War Vets Make Fresh Demands For Pension Increases

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By Thandiwe Garusa

MEMBERS of the Zimbabwe Liberation War Veterans Association (ZLWVA) Harare province Monday petitioned Parliament demanding equal monthly pensions awarded to other serving ex-combatants still employed in various government departments.

Most of the disgruntled ex-combatants said they were discharged from the government’s uniformed forces, and are receiving less monthly pensions than their counterparts still in service.

In the petition, the former fighters of the liberation struggle for Zimbabwe’s independence demanded that Statutory Instrument (SI) 257 of 2020 gazetted last year, be amended and accommodate their latest demands

“We, as war veterans of Harare province feel honoured to be invited to come to this August House to give detailed information on why we petitioned and feel that SI 257 of 2020 special provisions for active ex-combatants in the uniformed forces fixed date must be amended to 17 April 1995,” the petition reads.

“After having researched, consulted, and discussed at length with fellow ex-combatants the date 17 April 1995 will encompass all war veterans affected.

“Leaving the fixed date as 1 December 2017 will discriminate the ex-combatants for they played the same role of fighting for the liberation of this country, served the nation in the uniformed forces, and later brought about the new dispensation we are all seeing today, the fruits of the struggle now appear to be enjoyed by just a few”.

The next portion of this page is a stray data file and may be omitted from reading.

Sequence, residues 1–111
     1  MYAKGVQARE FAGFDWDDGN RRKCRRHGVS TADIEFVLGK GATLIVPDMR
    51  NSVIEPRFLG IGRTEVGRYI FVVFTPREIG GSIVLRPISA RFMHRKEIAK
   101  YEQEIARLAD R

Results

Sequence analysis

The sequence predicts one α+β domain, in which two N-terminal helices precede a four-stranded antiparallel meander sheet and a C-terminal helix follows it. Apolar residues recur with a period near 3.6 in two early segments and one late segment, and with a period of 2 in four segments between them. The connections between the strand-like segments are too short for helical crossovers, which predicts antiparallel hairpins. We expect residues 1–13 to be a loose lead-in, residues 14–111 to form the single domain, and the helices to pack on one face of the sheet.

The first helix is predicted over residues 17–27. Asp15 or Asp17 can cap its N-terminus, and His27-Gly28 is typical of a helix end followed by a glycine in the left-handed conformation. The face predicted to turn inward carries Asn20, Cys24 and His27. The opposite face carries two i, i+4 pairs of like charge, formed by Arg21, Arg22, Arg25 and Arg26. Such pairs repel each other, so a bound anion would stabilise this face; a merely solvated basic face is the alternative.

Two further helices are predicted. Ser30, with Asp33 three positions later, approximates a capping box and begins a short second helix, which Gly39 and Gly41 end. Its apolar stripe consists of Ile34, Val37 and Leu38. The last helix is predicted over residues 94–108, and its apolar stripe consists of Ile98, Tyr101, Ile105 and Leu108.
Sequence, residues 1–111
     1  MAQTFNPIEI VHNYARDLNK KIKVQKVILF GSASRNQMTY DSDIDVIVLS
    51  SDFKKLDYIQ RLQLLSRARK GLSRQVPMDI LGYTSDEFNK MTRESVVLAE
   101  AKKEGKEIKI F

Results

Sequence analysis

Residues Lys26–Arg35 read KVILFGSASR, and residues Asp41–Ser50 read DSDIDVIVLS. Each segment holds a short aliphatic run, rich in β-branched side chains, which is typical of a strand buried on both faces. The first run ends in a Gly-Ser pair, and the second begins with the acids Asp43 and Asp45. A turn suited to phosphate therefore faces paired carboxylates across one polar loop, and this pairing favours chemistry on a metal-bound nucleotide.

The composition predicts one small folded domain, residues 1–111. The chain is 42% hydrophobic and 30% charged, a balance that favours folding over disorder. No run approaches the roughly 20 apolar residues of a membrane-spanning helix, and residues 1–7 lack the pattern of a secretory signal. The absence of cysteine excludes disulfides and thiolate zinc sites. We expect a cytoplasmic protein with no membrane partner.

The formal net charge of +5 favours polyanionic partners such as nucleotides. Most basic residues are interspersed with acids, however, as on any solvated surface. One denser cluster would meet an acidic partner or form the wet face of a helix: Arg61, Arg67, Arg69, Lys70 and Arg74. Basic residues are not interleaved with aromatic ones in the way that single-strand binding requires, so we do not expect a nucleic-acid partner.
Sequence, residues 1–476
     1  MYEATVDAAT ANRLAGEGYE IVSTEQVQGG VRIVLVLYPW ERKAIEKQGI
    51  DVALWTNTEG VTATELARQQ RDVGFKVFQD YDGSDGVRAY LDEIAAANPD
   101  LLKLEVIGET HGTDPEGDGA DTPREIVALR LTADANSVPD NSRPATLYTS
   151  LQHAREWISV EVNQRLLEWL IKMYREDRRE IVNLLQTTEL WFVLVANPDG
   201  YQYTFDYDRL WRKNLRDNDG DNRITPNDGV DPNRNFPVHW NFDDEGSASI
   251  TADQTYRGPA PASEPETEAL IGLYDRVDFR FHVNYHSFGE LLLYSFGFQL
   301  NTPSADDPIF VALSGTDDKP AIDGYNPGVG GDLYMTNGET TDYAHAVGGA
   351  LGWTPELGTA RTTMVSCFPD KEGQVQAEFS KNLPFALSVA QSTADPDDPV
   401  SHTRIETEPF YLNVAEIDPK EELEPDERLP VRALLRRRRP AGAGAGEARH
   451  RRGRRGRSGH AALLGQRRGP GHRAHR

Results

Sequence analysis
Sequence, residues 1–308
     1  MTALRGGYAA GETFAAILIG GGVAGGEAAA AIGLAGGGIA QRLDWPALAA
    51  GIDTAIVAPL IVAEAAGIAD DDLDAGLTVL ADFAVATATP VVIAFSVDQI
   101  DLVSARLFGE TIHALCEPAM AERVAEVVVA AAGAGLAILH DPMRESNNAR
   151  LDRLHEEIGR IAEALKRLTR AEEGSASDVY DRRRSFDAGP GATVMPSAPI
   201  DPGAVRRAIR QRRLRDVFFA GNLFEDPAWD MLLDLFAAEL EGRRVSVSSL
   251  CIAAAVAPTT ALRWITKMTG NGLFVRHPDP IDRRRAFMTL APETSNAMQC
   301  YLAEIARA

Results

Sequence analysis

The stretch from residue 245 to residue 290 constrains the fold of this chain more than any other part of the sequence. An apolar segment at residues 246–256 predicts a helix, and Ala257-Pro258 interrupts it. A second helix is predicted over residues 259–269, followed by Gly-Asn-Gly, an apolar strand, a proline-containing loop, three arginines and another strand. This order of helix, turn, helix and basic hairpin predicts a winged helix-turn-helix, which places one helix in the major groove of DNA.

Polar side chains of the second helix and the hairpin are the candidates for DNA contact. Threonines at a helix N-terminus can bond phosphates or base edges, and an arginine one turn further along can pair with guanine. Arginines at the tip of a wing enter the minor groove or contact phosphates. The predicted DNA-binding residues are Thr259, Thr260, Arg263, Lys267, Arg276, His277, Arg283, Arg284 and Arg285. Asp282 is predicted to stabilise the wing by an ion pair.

The new dispensation was ushered in November 2017 when Zanu PF officials backed by the army led a coup that toppled now late former President Robert Mugabe from office.

He was replaced by his deputy Emmerson Mnangagwa.

“Most ex-combatants retired within the periods 17 April 1995 up to 30 November 2017 and only a lesser number remains still serving as from 1 December 2017 to date, so if the fixed date is not amended it will benefit only a few ex-combatants at the expense of the majority,” added the petition.

The ex-combatants also claim they have nothing tangible to show for their sacrifice fighting against white minority rule.

“Today, some ex-combatants do not have a roof over their heads or own a (housing) stand either and if the fixed date is amended the result will be a rise (in monthly pensions) and improvement in the welfare status of the ex-combatants and maybe possibly the owning of a house or (residential) stand,” reads the petition.

The former freedom fighters have been making demands for various perks. In 1997, they received $50 000 each as gratuity for their role in the liberation struggle and a majority of them have been beneficiaries of the land reform programme.

Their children also receive free education and last year the former freedom fighters demanded diplomatic passports, and access to overseas treatment as local health institutions were now dilapidated with no medical equipment and qualified personnel.